Two Democratic legislators are suing Governor Bryant saying he overstepped his boundaries when he made cuts to the state's budget and public schools. MPB's Ashley Norwood reports.
The Mississippi Supreme Court heard arguments this week in a lawsuit that questions the governor's power to make midyear state budget cuts. The Southern Poverty Law Center filed the suit on behalf of Rep. Bryant Clark of Pickens and Sen. John Horhn of Jackson in 2017. A Hinds County Chancery Judge ruled against the legislators and they appealed to the Supreme Court.
Will Bardwell with the SPLC is arguing on behalf of the legislators.
"Under the Mississippi constitution's strict and absolute separation of powers, no branch of government can ever exercise the core powers of another branch. And under the separation of powers, the power to make appropriations decisions is a core power that can be exercised by the legislature alone," said Bardwell.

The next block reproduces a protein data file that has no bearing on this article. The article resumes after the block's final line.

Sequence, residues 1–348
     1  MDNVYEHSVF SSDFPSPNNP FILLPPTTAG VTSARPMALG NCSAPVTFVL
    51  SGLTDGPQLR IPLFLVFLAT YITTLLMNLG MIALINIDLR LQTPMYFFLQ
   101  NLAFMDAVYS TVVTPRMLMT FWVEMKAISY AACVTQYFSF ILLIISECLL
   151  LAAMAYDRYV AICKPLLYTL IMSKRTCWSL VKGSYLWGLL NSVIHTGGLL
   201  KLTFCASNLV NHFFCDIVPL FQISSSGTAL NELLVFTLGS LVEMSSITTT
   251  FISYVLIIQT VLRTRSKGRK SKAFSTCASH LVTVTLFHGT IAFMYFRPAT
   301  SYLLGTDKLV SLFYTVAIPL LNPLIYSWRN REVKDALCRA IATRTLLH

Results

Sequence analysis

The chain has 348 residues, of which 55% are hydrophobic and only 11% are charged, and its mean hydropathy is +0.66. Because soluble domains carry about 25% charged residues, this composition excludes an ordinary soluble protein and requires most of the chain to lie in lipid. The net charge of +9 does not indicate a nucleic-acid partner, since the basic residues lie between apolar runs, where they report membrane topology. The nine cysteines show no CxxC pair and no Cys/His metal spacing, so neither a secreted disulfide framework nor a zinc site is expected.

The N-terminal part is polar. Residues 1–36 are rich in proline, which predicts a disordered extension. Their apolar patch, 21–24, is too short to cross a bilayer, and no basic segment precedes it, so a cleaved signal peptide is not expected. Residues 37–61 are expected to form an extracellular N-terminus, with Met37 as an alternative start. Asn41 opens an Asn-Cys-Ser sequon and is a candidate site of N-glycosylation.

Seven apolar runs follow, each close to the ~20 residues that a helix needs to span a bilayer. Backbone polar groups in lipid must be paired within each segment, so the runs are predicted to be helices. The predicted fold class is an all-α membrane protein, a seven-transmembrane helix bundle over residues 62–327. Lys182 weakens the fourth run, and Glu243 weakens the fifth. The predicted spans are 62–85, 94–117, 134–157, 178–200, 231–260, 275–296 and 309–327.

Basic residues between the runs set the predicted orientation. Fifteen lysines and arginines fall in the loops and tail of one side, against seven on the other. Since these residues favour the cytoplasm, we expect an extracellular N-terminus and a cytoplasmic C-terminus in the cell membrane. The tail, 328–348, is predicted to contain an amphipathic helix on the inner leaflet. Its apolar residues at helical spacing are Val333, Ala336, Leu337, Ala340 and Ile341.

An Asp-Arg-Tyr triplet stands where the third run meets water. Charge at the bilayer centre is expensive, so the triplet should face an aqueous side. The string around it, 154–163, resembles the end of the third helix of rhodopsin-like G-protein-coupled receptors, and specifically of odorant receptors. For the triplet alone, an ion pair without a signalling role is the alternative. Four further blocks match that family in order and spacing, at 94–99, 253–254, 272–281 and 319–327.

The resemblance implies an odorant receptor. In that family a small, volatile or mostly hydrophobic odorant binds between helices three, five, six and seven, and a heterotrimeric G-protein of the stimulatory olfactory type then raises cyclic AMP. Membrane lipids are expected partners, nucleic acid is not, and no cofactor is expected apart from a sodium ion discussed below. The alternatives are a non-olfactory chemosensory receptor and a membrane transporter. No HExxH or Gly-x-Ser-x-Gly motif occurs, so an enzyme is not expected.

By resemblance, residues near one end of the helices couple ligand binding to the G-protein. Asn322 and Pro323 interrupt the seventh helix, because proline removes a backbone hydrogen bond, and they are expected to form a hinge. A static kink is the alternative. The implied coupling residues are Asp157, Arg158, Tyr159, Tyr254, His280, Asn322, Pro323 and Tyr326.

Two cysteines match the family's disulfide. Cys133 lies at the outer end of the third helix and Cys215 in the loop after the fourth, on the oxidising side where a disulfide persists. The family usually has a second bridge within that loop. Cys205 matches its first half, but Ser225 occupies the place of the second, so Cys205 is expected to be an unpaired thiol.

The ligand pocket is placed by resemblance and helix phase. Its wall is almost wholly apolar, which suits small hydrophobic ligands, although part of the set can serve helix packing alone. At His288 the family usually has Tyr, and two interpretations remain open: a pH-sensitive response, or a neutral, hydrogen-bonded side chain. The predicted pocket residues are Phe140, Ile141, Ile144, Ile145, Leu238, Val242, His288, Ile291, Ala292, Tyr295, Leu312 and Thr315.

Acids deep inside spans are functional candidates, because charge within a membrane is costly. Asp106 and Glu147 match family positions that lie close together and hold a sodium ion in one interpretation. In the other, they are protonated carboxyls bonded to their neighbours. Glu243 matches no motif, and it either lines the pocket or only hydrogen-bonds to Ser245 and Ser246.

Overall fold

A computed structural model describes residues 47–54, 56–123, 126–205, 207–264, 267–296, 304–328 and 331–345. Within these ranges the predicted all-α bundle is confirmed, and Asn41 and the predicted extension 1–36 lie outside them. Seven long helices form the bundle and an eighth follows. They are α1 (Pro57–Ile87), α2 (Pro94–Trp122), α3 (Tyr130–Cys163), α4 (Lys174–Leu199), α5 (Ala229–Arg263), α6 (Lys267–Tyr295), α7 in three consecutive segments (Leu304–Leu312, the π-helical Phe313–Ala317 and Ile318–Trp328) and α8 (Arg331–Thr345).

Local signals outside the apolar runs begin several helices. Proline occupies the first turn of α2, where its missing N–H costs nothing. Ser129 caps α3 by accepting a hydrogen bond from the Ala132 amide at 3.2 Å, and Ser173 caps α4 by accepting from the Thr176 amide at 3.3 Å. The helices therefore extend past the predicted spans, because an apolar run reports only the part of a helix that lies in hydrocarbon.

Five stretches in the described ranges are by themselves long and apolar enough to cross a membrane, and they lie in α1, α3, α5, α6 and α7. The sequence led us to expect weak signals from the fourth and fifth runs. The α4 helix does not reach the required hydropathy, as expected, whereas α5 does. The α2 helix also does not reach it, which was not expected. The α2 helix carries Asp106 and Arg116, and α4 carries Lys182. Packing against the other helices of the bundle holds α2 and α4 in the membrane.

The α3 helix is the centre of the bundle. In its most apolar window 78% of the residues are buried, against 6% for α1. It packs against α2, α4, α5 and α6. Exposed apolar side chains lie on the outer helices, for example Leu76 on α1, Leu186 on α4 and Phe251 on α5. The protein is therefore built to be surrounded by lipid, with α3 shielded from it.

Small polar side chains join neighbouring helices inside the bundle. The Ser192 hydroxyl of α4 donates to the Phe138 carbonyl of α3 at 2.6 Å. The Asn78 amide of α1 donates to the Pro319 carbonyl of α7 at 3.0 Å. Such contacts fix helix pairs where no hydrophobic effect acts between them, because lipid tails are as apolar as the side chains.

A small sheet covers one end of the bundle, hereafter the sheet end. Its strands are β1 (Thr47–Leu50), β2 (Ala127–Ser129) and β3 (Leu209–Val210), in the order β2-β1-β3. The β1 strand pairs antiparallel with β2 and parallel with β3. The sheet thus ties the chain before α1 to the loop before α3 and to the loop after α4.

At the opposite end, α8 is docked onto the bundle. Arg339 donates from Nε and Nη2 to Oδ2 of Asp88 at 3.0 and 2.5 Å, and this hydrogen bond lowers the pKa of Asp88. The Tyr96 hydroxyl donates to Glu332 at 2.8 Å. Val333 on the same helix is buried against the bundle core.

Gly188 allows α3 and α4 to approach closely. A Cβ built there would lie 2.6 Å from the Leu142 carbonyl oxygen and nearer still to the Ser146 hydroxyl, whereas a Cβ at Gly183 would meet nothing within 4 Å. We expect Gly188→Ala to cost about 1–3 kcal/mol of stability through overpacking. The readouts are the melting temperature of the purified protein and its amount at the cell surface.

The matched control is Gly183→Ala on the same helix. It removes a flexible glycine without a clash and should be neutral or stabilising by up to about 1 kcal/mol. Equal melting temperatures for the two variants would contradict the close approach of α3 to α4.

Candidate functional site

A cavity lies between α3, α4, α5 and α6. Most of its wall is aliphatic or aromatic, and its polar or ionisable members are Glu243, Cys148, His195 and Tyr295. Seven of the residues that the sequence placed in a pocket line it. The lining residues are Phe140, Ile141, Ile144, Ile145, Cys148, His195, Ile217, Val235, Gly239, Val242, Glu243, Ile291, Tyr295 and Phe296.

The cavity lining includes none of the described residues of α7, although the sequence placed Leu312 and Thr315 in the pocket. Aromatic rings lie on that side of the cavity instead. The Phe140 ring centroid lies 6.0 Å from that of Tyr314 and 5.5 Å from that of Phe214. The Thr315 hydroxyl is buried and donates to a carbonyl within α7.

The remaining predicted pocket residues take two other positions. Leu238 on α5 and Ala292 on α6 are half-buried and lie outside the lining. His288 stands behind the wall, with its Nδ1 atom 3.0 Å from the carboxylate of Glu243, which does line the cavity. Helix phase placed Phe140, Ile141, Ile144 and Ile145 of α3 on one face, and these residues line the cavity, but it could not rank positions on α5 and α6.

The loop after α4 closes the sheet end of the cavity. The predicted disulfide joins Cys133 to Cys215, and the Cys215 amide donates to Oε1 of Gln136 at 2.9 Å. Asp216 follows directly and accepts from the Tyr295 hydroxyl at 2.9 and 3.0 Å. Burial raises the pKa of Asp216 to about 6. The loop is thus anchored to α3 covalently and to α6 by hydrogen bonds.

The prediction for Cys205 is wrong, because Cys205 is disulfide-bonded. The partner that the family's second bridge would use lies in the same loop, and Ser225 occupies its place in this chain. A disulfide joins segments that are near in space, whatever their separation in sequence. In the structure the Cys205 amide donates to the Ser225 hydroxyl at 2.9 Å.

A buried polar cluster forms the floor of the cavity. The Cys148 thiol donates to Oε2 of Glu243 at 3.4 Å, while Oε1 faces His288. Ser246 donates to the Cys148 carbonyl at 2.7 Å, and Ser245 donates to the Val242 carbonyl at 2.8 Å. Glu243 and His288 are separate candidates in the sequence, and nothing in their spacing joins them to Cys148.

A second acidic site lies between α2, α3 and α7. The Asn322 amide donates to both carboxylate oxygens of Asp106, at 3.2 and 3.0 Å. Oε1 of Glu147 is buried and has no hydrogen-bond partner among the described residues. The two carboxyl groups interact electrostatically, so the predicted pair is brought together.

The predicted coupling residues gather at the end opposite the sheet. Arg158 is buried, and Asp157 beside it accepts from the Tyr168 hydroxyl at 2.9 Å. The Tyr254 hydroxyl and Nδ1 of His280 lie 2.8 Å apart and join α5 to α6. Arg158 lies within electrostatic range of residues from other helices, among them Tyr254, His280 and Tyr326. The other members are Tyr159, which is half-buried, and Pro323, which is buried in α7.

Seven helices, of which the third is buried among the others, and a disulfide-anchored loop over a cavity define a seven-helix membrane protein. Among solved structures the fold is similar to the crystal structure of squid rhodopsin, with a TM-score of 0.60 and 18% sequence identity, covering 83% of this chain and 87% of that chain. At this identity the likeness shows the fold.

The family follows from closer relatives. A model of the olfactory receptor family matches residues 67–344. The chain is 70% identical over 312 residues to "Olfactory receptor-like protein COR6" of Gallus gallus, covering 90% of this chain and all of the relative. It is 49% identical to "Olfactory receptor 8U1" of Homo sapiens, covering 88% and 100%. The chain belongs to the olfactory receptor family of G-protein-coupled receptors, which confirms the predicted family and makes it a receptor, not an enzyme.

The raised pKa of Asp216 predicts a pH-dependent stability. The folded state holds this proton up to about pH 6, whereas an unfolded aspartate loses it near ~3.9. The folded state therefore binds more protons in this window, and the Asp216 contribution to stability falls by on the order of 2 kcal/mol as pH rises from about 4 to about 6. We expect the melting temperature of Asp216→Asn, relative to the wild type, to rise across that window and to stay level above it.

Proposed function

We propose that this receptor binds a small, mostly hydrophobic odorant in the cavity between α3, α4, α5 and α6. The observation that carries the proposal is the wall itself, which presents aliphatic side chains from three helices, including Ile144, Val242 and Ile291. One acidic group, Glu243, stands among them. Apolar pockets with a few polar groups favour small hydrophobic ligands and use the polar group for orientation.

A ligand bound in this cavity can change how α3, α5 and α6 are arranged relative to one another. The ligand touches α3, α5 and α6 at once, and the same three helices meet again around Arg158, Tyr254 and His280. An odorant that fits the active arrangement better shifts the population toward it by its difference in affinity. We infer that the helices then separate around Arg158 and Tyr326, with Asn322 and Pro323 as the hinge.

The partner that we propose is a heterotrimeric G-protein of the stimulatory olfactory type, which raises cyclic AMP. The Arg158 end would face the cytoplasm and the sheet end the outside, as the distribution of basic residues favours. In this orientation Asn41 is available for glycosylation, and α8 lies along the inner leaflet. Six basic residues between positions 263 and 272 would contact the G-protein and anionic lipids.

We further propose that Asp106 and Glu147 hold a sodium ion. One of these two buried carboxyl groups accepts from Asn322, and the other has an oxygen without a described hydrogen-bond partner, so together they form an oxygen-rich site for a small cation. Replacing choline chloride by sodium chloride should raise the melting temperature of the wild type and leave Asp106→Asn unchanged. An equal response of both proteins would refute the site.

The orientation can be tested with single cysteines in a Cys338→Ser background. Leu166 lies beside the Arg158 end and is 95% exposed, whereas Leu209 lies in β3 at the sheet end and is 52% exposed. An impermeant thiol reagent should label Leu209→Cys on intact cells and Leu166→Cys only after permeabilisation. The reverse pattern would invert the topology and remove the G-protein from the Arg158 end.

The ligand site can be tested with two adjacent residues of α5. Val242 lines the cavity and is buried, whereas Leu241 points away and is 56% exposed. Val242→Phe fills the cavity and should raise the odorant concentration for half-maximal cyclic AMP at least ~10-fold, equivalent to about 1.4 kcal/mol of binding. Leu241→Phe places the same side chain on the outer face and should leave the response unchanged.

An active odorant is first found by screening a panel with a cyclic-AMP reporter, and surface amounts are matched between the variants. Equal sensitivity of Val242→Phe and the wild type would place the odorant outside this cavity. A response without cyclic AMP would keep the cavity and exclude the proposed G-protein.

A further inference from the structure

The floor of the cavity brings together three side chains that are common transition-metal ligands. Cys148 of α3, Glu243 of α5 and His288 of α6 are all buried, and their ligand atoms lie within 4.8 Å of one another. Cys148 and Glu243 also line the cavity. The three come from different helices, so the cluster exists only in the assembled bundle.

Republican Gov. Phil Bryant cut more than $171 million from the state budget between July 2016 and May 2017 because tax collections fell short of expectations. The cuts included about $20 million to schools.
Krissy Nobile, with the attorney general's office, is arguing on behalf of the governor. She said legislators have the power to set the maximum amount of money agencies may spend, but the governor's role is to administer and control the budget based on revenue performance.
"This does sometimes include taking corrective action over the course of the fiscal year. But unlike appellants contention, this corrective action is not the governor just saying, 'I think you should reduce your expenditures. I think you should reduce your spending. No'," said Nobile.
Justices did not say when or how they would rule. Ashley Norwood, MPB News.